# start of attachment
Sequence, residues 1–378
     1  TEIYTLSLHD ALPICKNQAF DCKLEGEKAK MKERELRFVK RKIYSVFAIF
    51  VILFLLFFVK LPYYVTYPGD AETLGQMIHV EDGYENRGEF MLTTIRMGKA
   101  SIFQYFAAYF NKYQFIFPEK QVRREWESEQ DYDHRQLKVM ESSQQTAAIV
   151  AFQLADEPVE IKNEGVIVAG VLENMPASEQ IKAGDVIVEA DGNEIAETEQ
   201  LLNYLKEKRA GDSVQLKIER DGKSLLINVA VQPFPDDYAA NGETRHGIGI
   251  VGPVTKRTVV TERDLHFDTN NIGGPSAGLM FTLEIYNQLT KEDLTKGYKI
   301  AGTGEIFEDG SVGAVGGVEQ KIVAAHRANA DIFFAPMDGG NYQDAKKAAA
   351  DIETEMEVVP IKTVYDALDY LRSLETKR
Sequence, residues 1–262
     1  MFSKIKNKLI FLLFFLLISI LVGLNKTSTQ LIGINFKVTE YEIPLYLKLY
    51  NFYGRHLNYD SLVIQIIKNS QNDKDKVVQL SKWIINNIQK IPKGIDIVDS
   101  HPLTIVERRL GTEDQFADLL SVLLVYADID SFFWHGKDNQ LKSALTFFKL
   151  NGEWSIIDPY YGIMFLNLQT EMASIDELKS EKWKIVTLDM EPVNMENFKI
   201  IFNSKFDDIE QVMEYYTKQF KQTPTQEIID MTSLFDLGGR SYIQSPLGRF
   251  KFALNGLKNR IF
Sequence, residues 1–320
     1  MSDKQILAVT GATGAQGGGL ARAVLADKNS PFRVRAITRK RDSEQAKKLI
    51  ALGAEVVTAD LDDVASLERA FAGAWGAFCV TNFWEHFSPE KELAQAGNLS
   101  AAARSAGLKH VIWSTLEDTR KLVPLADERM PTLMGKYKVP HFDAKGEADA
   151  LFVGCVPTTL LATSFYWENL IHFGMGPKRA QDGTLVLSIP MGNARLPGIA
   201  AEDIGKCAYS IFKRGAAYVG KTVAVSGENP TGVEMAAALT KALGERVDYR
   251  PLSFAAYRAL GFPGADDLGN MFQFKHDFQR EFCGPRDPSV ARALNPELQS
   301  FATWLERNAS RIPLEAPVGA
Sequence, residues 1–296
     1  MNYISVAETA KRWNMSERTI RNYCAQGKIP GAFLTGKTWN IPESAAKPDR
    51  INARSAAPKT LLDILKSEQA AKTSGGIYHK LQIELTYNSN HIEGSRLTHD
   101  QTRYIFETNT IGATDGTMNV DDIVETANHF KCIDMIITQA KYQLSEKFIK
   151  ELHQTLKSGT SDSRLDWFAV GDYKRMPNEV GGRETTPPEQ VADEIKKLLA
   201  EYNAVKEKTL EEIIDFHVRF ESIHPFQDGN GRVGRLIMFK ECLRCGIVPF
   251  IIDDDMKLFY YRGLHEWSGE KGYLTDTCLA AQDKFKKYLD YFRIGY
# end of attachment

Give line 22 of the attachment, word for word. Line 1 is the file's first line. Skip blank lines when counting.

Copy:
   201  AEDIGKCAYS IFKRGAAYVG KTVAVSGENP TGVEMAAALT KALGERVDYR